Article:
You will make mistakes, but dilute your one dumb tweet among a hundred really good ones, and your career might be okay.

[EDITOR’S NOTE: Recall in my interview with Kevin Knight on expat community management that when running a socially networked community too large for one person to police, make yourself redundant. Identify the leaders who naturally emerge within your community and offer them to become admin, official event organizers, or content writers. This allows you to focus on growing and improving the community, services and projects, and your members have more things to do. Sub-communities will even begin to emerge inside of your community.]

00:16:42 Generation Z today don’t have the same profound feelings associated with the attacks of September 11, 2001 as prior generations do. GenZ are of course familiar with it and understand its implications, but they were simply too young to fully grasp it.

Issues that dominate the previous generations are foreign policy – drones, international policy, etc. However, issues that dominate today’s youth include more domestic policies such as gun control, police violence, and racism.

00:22:15 The real power of the internet is its ability to connect so many different people and departments together so seamlessly.

00:28:52 10 rules of ‘muckdom’ from the 1997 book Locked in the Cabinet by Robert Reich:

  1. Immediately pass all baggage to your assistant so you’re free to move and work.
  2. Always be first through any door.
  3. Walk fast and with purpose.
  4. Dress the part.
  5. Get in front of the camera so people see how important you are.
  6. Never arrive early; even arrive a little late.
  7. Shake hands quickly and look at someone behind them so the current handshaker doesn’t try to keep you too long.
  8. Respect the hierarchical chain of command.

That was 1997, this is 2014 and times and expectations have changed.

Admitting ‘I don’t know’ and then listening builds trust and credibility. Learn to listen, and people hear you differently.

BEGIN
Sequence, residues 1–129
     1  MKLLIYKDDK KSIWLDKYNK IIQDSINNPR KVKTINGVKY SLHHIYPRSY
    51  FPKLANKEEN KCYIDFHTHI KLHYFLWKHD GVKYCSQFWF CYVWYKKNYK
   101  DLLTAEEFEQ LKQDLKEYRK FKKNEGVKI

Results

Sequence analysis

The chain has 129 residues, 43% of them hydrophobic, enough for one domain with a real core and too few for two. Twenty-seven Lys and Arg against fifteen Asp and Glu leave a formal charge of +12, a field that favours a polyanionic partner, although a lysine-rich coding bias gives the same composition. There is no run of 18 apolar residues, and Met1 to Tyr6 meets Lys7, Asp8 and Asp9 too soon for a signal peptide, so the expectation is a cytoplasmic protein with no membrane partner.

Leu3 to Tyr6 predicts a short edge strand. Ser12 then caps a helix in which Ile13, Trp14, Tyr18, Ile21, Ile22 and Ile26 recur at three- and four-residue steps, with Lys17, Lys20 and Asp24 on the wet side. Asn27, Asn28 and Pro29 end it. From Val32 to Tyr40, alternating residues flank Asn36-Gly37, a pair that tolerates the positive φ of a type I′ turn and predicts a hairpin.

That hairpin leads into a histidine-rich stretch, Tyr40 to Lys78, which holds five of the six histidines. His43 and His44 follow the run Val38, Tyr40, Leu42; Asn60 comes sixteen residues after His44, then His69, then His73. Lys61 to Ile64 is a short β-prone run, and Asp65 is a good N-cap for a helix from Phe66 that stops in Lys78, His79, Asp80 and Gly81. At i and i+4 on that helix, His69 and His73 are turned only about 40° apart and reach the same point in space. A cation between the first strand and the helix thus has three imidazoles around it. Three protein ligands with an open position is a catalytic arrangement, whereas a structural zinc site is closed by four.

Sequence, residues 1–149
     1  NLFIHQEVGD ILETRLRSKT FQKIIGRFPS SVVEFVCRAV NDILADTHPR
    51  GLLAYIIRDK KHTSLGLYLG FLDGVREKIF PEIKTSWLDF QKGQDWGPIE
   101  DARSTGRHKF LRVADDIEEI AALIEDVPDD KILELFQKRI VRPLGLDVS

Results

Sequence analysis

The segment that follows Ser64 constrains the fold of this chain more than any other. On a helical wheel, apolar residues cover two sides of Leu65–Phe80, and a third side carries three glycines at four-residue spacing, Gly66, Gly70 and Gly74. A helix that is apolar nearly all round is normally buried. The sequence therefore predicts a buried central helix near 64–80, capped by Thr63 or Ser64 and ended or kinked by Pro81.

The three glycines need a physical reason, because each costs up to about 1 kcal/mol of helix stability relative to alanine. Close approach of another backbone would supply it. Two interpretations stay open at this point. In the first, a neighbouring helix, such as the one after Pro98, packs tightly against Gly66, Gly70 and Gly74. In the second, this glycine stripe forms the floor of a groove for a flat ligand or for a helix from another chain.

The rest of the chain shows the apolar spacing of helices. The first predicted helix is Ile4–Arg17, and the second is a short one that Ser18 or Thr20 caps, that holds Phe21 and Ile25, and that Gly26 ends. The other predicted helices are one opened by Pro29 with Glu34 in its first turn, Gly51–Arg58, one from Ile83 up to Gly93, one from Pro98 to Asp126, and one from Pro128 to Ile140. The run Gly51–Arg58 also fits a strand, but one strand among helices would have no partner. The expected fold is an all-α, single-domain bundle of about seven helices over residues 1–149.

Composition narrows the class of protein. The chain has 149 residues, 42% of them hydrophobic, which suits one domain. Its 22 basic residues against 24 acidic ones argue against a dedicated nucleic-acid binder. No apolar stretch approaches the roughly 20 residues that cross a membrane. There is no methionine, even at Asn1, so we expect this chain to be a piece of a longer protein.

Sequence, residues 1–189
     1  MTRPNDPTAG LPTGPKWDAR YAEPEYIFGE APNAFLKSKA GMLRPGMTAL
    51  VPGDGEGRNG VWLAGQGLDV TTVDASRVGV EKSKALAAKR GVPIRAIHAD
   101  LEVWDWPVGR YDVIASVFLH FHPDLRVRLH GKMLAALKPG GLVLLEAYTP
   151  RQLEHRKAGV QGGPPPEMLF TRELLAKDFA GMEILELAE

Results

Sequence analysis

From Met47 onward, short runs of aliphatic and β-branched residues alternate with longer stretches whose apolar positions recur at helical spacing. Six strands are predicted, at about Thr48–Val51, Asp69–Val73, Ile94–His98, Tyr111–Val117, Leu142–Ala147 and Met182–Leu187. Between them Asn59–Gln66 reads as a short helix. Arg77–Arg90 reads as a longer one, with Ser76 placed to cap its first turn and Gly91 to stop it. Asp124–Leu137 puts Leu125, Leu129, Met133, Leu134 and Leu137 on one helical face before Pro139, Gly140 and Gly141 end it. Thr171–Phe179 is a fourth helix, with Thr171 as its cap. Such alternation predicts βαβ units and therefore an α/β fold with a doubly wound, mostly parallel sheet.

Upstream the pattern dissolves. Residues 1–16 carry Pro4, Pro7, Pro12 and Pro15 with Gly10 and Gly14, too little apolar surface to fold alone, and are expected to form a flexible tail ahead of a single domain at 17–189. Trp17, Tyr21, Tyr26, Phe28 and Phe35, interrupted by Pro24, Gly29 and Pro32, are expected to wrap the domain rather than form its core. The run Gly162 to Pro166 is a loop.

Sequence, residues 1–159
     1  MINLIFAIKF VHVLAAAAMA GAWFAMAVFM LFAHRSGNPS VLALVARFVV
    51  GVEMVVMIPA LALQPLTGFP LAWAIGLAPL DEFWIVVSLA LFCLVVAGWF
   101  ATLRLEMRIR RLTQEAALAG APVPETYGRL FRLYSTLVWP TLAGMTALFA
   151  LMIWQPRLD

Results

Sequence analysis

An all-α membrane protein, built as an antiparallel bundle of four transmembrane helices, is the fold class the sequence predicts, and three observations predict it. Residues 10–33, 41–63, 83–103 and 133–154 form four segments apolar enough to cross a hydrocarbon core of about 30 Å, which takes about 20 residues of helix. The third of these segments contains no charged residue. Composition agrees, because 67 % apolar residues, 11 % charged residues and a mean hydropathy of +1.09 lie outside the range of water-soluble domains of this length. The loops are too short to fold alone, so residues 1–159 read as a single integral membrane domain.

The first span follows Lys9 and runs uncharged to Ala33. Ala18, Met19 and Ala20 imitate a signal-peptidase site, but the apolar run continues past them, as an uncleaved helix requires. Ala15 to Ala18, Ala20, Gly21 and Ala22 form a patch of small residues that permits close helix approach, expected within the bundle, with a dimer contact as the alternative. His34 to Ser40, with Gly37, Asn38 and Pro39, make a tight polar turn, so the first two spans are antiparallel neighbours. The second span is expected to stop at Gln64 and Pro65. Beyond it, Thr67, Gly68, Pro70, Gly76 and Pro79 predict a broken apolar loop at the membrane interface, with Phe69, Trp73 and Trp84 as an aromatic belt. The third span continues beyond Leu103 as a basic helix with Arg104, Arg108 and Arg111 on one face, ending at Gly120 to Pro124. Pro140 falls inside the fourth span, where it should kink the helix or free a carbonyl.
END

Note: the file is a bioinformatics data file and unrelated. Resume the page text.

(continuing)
I (Matthew Barzun) sat next to American diplomat John Kerry while he made 2 very important telephone calls, and only heard Mr Kerry speak 10% if the time. Why? Becaues he listens. Because when he speaks he asks important, intense and open-ended questions, and then he listens.

[EDITOR’S NOTE: Recall in Stan Christensen’s lecture Common negotiation mistakes, underhanded techniques & how to improve at Stanford University that effective negotiation really boils down to creative problem solving and effective relationship management, and that you should think of communication as convincing the other person that you can hear them and that they are being heard. The fact that the other person feels like they are being listened to is the most important part of persuasion.]

00:34:34 Gun laws, police violence, women’s rights, LGBT rights… As a diplomat, whether or not it is your responsibility, if people are talking about it, it’s your responsibility to address it and at least know what you are going to say about it, or be able to tell people where they can go to find out answers and information about it.

You’re at your best when you are humble and self-critical.

00:39:04 Diplomats are no longer the central source of communication. Anyone with a twitter account can freely send messages and communicate with terrorist twitter accounts.

00:49:00 Email can be an intimate form of communication if you treat it like a conversation. Be authentic, friendly, and respond to people quickly; even if you don’t have an immediate answer.

The Honorable Matthew W. Barzun at the World Leaders Forum at Columbia University 2015